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PT-First_South_African_Rugby_Team-1891
First South African Rugby Team - 1891

TODAY IN KIMBERLEY’S HISTORY – 26 OCTOBER

UPDATED: 26/10/2018

26 OCTOBER 1888, Nazareth House opens on Dutoitspan Road.
26 OCTOBER  1892, SA rugby player Harry Boyes dies tragically.
26 OCTOBER  1897, Theatre Royal opens in Kimberley on Dutoitspan Road.
26 OCTOBER  1941, The altar of the re-built St Mary’s Cathedral consecrated.

Pictured is Harry Boyes, as well as the very first South African rugby team in 1891 from where the photograph was lifted.

DID YOU KNOW

Harry Churchill Boyes died suddenly and in unusual circumstances at 21h30 on Wednesday 26 October 1892 while riding the “switchback railway” that was one of the many attractions at the Kimberley International Exhibition. (The railway switchback is similar to a roller coaster).

PT-Harry_Boyes-1892

SA Rugby Player, Harry Boyes

Harry was born in Cape Town on 12 March 1868 to James Fichat Boyes and Johanna Olivia Boyes (nee Chiappini), the youngest of three sons born to the union, his elder brothers being George James Boyes and Charles Edward Boyes. George, who had worked for a time in Kimberley, was Resident Magistrate of Mafeking from 1892 to 1897.

His father’s brother, Lorenzo Boyes, was the Magistrate at Colesberg who had examined the “Eureka” diamond discovered in the Hopetown area in 1866/1867.

Harry was educated at firstly, the Diocesan College (Bishops), and secondly, where he matriculated, at St Andrew’s College in Grahamstown. A keen and speedy athlete, he played wing and centre at rugby, a sport he continued when he moved to Kimberley to work in the offices of the Inspector of Mines. At the time of his death he was employed with the Detective Department.

In Kimberley, he played for the Kimberley Rugby Football Club, and for Griqualand West, being a member of the XV that were awarded the Currie Cup in 1891. He also represented the Cape Colony against the British Isles as a centre, and it was his excellent performance on attack and defence in this game that saw him being selected at wing for the South African team for the first and second tests against the visitors that same year.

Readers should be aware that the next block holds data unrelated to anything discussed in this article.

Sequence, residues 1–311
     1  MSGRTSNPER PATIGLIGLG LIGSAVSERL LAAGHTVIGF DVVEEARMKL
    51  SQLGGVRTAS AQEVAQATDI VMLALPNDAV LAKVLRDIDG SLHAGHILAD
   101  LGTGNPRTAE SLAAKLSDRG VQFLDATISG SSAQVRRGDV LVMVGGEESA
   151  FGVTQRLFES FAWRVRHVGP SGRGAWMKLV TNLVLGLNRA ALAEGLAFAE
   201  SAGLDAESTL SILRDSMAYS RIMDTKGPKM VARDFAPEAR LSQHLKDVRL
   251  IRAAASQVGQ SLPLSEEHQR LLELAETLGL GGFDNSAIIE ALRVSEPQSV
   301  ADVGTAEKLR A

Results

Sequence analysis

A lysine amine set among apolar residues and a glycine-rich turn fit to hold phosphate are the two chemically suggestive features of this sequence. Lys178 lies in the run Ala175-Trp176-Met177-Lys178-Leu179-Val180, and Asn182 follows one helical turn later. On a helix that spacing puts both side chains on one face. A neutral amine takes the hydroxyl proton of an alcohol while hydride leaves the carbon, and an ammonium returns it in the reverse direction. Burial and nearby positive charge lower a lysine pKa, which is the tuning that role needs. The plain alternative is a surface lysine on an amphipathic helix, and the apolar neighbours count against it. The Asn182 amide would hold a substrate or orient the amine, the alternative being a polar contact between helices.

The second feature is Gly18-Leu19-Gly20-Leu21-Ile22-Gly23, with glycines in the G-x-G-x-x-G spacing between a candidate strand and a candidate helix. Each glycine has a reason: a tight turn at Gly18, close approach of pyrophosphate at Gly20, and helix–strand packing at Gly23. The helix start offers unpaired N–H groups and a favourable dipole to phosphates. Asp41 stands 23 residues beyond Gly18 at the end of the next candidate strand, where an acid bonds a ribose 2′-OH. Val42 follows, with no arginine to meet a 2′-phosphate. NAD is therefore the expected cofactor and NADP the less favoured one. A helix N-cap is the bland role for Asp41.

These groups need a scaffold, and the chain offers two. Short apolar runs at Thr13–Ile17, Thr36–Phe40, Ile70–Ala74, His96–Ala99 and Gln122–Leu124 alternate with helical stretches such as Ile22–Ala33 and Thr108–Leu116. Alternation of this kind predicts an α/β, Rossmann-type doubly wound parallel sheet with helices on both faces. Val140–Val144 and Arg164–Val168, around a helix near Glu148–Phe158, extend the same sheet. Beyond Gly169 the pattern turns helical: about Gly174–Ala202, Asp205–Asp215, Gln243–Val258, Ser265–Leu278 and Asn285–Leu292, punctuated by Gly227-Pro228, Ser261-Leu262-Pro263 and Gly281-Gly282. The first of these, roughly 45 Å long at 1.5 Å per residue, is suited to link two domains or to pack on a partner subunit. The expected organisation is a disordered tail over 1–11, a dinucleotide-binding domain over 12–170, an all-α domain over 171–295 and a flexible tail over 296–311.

His last game for Griqualand West was in the Currie Cup tournament played just prior to his death as part of the International Exhibition.

Harry had ridden the “switchback” several times that evening, and like many others, stood up and waved his arms even when the car was travelling at full speed.

“The car had started on its return journey, and was in the act of running down the second incline, when Mr Boyes lost his balance, and, it is presumed, fell backwards and dropped violently on the ground, breaking his neck by the fall, and also sustaining a severe blow on the skull.”

Death was instantaneous, and his body removed to the Police Station by Police Constable Sheehan and then to the Hospital after an examination by Dr Smith. The Switchback was immediately shut down on police orders until further notice. At the time of the tragedy 15 619 people had been on the ride.

Boyes’ funeral service was conducted by the Venerable Archdeacon Gaul on Friday 28th October at the Hospital Chapel (Sister Henrietta’s Chapel) from whence the cortege moved to the Dutoitspan cemetery where he was buried. There were several hundred mourners, at least 60 young men walking with the bier, and some 30 vehicles with mourners following. Many others were waiting at the cemetery. The family were represented by Dr Green and his brother, cousins of Harry Boyes.

26 OCTOBER 1888, Nazareth House opens on Dutoitspan Road.
26 OCTOBER  1897, Theatre Royal opens in Kimberley on Dutoitspan Road.
26 OCTOBER  1941, The altar of the re-built St Mary’s Cathedral consecrated.

DID YOU KNOW

NNazareth Home Kimberleyazareth House was originally established in 1864 in Hammersmith, London by Mother St Basil, to take care of the homeless, those who had no other place of refuge.

Five sisters arrived in Cape Town on 11 October 1888 and came straight to Kimberley to establish a Nazareth House on the diggings. Half an acre of land was given by the London and South African Exploration Company and construction started on the building.

The first room to be completed was fitted as a dormitory and the second room to be completed became the chapel. The altar and other essentials needed for Holy Mass were brought from England.

On 26 October the house was blessed by Reverend R O’Reilly and the first residents arrived on 1 November 1888. Initially there was no kitchen and food was cooked on an open fire. The sisters later had a “Dutch oven” and “bake house” built so that they could make their own bread and thus save money.